taxes; rather, both saw it as a possible substitute for corporate income tax, which they
thought to be inferior to a tax that ultimately fell only on final consumption. It is almost
certain that neither was aware of the others contributions to the subject.
As is so often the case, the ultimate adoption of the VAT had little to do with the
grand theoretical concerns of academics or industrialists, but rather was a response to,
on the ground, pragmatic considerations. At the time VAT was adopted in France, there
were two models for final consumption taxes that eliminated cascading taxes on
12. See R.W. Lindholm, The Origin of the Value-Added Tax, 6(1) J. Corp. L. 12 (1980). Lindholm
suggests Adams had supported the concept from 1911, although his earliest papers on the topic
appear to date from 1921: see T.S. Adams, Fundamental Problems of Federal Income Taxation,
XXV Q. J. Econ. 553 (1921).
13. Cf. von Siemens, Veredelte Umsatzsteuer (Siemensstadt 1919), who cites his brother, Wilhelm
von Siemens, as originator of the proposal: see R.A. Musgrave, Schumpeters Crisis of the Tax
State: An Essay in Fiscal Sociology, 2 Evolutionary Econ. 89113, at fn.9 (1992).
Chapter 1: Ending VAT Exemptions: Towards a Post-Modern VAT §1.02[A]
5
business, which distorted business decision-making and encouraged possibly ineffi-
cient practices such as vertical integration. The first was the retail sales tax (RST),
adopted in most sub-national jurisdictions in North America, which avoids tax on
business through a suspension system: the tax is, in theory, suspended on any supplies
made to registered enterprises making acquisitions for business purposes. The VAT in
contrast, imposes tax on every supply, be it to a registered business or final consumer,
but then rebates, through a refundable input tax credit, any tax borne on business
acquisitions. Each business will collect tax on the full value of its supplies but only
remit a net amount after recovering all tax on inputs used for business purposes. It will
pay tax on the entire price to the supplier but then recover it from the customer and
only remit the portion of the VAT collected equal to the value added at that stage. Thus,
while VAT is paid by the purchaser on the full value of supply, the seller only passes on
to the government a slice of the tax received equal to the tax on the excess of the sale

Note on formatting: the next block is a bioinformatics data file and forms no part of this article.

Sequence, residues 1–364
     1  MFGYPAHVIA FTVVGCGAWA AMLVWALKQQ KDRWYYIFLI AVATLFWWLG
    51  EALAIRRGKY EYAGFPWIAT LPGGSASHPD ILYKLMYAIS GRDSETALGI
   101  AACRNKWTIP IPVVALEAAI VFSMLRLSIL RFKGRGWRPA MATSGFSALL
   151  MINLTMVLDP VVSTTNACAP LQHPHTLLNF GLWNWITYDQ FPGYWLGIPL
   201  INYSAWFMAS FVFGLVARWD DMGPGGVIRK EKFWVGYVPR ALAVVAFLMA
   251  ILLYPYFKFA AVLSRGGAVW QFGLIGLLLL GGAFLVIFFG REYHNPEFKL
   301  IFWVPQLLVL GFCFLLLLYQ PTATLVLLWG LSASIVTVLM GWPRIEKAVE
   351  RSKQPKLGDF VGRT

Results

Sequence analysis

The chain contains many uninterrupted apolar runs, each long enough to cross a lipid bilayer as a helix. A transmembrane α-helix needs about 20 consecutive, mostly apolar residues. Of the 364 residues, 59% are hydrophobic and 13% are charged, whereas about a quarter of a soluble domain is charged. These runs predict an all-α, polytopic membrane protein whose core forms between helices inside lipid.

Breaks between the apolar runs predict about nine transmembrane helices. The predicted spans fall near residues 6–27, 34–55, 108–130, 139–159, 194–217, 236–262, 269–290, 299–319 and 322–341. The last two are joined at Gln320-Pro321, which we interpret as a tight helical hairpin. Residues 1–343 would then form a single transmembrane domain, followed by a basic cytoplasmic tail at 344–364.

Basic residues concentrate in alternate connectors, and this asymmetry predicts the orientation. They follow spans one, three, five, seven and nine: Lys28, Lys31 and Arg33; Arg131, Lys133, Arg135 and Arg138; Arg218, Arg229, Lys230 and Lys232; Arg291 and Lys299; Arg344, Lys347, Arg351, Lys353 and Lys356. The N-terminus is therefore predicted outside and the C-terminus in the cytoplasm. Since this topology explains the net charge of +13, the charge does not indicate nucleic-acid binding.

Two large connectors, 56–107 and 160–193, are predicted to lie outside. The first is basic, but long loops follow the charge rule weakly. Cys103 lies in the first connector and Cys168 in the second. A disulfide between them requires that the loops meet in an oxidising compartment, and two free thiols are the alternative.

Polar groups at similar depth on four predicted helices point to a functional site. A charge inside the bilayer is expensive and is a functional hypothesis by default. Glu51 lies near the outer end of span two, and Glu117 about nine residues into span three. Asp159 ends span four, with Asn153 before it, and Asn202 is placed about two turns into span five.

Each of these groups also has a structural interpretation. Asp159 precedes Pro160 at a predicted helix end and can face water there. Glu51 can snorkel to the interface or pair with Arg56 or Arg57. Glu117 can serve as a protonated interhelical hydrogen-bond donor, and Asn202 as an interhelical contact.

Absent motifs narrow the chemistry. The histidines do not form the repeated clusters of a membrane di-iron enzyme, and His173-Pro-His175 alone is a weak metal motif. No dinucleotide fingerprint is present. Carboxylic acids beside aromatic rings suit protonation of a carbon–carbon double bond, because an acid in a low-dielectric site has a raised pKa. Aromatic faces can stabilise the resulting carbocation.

price over the value that has previously been taxed. Only if no part of the value has
been subject to tax previously (all the inputs were entirely tax free) would the tax
remitted be the same as the tax collected. The title ‘value added tax’ refers therefore to
the mechanics of the remittance system, not the intended tax base, which is the full
value of the supply.
14
For that reason, a number of modern VAT systems have adopted
the name ‘Goods and Services Tax’ (GST) to reflect the tax base as opposed to the
remittance method.
Although an ideal RST and an ideal VAT should be economically equivalent,
15
in
practice their differences, in particular as regards the remittance method, may affect
their economic impact
16
and administrative efficiency. Since the time of adoption of the
RST and VAT, there has been, therefore, an ongoing debate on the relative merits of the
two bases.
17
Proponents of VAT argue – amongst other aspects – that it is more
14. Ebrill et al. illustrate the difference with a restaurant meal in a tax regime in which raw food
products are entirely free of tax from the farmer through wholesaler through retailer, see n. 8
above. The value added by the restaurant may represent only a small amount of the final selling
price but if the sale of raw food is tax free while restaurant meals are taxable supplies, the entire
value of the meal will be taxed at the restaurant level.
15. See W. Hellerstein, Comparing the Treatment of Charities under Value Added Taxes and Retail
Sales Taxes, Ch. 5 in this volume. See also S. Cnossen, VAT and RST: A Comparison,35
Canadian Tax J. 3 (1987); M. Gillis, P. Mieszkowski & G. Zodrow, Indirect Consumption Taxes:
Common Issues and Differences Among Alternative Approaches, 51(4) Tax L. Rev. 725774
(1996); C.H.E McLure & W. Hellerstein, Congressional Intervention in State Taxation: A
Normative Analysis of Three Proposals, 31 State Tax Notes 721735 (2004); and M. Keen & S.
Smith, VAT Fraud and Evasion: What Do We Know and What Can Be Done?, LIX(4) Natl. Tax
J.L861887(2006).
16. See S. Fedeli, The effects of the interaction between direct and indirect taxation: the cases of VAT
and RST, 53(3-4) Pub. Fin. 385418 (2003). On the economic impact of who remits tax, see also